Coming from England, where we have a choice of some of the best curries outside India, I really miss a delicate fragrant Ruby Murray. I don’t know why I have struggled to find good curry in Melbourne – I am more than likely looking in the wrong places, but more often than not they are either greasy and taste overwhelmingly of garam masala, or are sickly sweet.
My solution has been to read about traditional curries and learn how to make them properly myself. There are so many wonderful books and blogs out there with wealths of information and instructions that there’s really no excuse not to be making Indian curries at home. They are actually pretty easy and ridiculously cheap once you have invested in the spices (I buy in bulk from my local Indian shop, NOT the supermarket where you will pay beyond premium and not always get the real thing).
This particular madras recipe is SPICY! If you have a delicate disposition then perhaps don’t add the black peppercorns to your curry powder as this is predominantly where the mouth tingling heat comes from.
See this dish as part of a MEAL PLAN
I love hearing from you so do let me know your favourite curry houses in Melbourne and share your own curry recipes. You can post in the comments section below, or email me at: firstname.lastname@example.org
1 cup Basmati rice
1 tbsp coriander seeds
1 tsp fenugreek seeds
1 tsp mustard seeds
2 tsp black peppercorns
1/2 tsp fennel seeds
3 cinnamon sticks
1 tbsp ground turmeric
4 whole dried chillies
2 small green chillies
4 garlic cloves
1.5cm piece ginger
400g lamb shoulder
1 tsp red chili powder
10 curry leaves
1 tsp mustard seeds (authentically you would use black mustard seeds, but yellow are fine too)
250g chopped tomatoes (tinned not fresh)
1 tbsp tamarind paste
Take all the spices for the curry powder (except the turmeric) and dry roast them. You will know when they are ready when your kitchen starts to smell wonderfully fragrant and all the spices have started to release their aroma. Cool slightly before pounding in a mortar and pestle/food processor with the turmeric.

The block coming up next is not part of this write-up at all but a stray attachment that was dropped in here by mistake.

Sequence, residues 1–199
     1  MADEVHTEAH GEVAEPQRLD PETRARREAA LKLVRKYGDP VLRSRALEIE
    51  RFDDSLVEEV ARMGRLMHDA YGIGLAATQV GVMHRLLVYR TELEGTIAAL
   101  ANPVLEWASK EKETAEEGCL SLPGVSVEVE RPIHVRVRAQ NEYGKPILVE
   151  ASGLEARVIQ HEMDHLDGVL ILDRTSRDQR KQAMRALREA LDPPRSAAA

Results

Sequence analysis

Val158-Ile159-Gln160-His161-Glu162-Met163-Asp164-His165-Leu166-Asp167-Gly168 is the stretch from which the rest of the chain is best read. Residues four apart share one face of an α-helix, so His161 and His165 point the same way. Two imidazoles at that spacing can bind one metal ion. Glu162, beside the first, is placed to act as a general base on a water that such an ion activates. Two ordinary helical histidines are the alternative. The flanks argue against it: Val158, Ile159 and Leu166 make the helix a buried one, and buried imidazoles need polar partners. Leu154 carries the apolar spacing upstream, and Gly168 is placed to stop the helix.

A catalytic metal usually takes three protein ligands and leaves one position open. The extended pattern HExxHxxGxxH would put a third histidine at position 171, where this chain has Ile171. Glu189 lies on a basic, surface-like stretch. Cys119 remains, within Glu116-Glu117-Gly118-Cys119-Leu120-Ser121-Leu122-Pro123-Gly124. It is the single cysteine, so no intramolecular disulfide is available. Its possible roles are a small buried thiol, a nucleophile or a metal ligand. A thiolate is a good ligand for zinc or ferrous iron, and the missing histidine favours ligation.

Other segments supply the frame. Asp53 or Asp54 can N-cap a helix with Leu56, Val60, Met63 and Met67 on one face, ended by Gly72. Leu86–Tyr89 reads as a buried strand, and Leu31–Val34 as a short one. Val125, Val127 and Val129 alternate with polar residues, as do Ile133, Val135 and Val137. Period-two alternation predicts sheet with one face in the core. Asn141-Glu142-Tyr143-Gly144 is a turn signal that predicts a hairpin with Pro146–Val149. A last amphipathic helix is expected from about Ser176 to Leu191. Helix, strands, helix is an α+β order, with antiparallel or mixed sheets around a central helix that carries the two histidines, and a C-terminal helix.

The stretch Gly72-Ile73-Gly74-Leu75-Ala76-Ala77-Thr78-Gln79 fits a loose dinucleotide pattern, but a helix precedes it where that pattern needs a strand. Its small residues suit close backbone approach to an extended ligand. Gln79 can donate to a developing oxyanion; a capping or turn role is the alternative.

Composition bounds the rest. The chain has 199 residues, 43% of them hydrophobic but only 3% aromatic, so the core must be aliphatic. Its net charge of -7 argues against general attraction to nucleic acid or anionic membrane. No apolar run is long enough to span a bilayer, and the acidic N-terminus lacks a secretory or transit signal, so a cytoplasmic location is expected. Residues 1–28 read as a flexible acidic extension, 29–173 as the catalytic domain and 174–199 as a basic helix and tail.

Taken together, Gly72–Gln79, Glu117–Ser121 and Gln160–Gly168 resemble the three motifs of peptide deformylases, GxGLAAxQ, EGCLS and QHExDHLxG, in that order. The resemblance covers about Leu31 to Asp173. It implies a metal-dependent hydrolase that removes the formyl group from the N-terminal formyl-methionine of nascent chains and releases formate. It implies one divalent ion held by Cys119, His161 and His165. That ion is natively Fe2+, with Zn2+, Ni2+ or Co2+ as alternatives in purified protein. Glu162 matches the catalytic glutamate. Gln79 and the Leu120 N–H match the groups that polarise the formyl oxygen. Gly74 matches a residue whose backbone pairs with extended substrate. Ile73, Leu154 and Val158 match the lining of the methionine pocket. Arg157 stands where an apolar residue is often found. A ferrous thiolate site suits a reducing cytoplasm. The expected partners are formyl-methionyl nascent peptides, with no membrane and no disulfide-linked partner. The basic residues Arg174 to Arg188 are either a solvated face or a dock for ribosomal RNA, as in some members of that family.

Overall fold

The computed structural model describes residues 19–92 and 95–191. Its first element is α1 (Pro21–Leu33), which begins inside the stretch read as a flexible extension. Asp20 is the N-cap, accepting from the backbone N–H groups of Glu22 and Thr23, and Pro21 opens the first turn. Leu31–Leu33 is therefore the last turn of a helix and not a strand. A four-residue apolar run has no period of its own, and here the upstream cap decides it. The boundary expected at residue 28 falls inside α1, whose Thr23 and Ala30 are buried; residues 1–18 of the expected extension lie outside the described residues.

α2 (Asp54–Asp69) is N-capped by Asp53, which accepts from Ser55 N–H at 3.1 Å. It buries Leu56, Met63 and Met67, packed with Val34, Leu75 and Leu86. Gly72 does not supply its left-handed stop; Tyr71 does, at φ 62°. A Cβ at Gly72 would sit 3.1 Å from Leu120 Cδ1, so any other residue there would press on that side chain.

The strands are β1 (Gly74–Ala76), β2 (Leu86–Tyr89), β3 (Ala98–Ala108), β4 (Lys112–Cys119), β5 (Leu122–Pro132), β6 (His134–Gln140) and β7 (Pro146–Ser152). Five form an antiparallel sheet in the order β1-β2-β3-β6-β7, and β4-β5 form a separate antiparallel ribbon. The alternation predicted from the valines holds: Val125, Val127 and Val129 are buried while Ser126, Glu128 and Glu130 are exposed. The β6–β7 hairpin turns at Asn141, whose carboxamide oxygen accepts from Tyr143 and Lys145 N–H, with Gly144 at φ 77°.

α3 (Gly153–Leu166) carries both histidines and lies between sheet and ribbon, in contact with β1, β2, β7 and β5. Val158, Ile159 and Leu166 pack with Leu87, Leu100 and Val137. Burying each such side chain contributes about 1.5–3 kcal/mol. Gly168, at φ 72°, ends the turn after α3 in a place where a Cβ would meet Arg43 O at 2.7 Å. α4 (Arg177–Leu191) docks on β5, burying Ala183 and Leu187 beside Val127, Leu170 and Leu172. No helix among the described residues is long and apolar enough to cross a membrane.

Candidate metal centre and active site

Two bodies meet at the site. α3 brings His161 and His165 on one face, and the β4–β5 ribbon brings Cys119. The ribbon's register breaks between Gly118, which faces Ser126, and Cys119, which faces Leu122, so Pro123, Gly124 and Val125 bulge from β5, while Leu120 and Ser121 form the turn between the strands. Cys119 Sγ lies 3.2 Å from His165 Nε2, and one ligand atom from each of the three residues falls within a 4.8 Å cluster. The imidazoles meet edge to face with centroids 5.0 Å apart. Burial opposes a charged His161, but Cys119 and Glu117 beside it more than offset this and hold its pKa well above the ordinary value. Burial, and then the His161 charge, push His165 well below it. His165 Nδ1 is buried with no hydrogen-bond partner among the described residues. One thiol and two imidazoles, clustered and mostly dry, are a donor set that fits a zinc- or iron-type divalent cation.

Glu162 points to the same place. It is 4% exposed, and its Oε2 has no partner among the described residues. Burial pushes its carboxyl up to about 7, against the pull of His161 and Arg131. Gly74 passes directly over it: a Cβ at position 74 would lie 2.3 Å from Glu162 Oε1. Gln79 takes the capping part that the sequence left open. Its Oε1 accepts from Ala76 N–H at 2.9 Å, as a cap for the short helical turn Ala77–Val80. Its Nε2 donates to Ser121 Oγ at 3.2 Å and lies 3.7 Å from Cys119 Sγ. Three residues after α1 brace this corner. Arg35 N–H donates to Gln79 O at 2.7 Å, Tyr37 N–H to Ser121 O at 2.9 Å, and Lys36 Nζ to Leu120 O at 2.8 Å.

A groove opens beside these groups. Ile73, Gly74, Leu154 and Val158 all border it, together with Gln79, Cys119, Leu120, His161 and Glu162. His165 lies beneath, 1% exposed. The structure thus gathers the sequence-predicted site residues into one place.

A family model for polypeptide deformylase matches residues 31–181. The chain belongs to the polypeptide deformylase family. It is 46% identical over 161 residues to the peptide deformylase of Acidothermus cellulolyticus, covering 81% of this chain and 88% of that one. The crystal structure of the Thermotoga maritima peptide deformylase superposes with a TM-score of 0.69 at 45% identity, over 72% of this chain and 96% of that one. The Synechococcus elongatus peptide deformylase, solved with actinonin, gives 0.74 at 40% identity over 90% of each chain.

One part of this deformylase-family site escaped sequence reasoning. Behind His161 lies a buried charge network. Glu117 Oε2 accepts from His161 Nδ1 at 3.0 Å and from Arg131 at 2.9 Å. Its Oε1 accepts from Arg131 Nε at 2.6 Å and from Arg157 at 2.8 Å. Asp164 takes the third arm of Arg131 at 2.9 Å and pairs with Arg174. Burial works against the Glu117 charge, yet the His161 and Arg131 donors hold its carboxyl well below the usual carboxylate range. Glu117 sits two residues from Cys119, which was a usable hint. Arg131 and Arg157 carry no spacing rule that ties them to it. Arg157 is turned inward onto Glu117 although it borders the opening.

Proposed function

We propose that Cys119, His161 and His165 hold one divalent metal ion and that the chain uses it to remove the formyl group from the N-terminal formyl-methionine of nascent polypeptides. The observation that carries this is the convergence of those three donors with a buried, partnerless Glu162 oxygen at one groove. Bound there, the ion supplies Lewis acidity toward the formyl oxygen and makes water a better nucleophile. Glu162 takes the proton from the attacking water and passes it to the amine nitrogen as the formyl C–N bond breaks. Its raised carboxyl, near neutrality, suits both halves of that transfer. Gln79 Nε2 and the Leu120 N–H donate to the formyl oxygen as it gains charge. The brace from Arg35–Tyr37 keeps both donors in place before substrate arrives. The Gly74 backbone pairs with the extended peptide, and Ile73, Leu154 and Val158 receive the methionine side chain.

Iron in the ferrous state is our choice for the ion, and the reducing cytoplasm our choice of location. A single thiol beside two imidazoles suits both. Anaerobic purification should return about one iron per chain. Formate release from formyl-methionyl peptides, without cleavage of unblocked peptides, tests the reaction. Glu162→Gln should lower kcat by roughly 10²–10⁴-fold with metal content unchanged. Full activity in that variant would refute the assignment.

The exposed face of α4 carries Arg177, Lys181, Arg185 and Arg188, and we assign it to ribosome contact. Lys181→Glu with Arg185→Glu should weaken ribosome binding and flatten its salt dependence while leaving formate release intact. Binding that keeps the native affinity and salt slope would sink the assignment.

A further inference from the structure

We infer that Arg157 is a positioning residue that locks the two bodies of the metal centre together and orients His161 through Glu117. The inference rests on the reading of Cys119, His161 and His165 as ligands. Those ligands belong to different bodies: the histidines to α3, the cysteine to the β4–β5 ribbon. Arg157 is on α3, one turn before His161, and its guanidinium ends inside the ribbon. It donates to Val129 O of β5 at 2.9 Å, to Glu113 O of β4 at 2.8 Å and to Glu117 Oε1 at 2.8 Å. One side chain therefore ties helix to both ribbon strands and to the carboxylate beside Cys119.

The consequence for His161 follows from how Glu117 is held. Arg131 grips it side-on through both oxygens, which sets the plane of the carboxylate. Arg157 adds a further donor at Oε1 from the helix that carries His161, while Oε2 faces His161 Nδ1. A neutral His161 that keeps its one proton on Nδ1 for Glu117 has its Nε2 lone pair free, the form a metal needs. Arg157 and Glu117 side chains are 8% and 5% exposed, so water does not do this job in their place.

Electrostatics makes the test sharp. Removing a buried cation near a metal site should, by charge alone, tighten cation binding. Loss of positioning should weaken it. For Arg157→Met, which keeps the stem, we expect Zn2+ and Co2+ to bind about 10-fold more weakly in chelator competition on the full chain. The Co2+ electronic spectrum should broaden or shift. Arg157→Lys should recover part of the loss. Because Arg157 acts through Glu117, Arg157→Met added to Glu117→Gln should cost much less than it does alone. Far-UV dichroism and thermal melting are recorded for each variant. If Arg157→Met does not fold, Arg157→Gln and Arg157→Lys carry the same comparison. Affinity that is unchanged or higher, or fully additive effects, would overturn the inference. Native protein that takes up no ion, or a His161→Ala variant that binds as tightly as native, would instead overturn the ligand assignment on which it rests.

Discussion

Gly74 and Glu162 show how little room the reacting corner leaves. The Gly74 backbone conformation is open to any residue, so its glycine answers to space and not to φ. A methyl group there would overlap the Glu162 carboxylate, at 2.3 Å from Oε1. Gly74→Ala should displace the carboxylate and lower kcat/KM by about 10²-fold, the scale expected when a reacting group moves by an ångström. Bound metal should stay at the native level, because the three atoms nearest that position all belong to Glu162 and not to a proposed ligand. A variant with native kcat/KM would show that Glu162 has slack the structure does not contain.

Next, cut the lamb into bite size chunks and place in a non-metallic bowl. Massage the spices into the meat so it is well covered before adding in the yoghurt and mixing well. Allow to marinade for at least 2 hours.
In a food processor whizz together the garlic, green chili and ginger until you have a fine paste – a touch of water added in will help create a smooth paste.
In a large pot heat about 3 tbsp of canola oil over a high heat. Allow it to reach smoking point, remove from the heat for a few minutes before re-heating and adding in the mustard seeds, then the curry leaves and finally the finely chopped onion (leave about a minute in between adding the curry leaves and the onion to give the curry leaves time to release their flavour into the oil).
Once the onions have turned golden add in the wet curry paste and sautee for 2-3 minutes. Next, add in the red chili powder, tomatoes, water and the marinaded lamb including all the spices and yoghurt. Bring to the boil before covering and cooking over a low heat for about 2 hours or until the meat is tender.
Serve with Basmati rice, fresh cucumber and some cooling natural yoghurt.
Use chicken instead of lamb
Nip down to your local Indian restaurant for a couple of buttery garlic naans.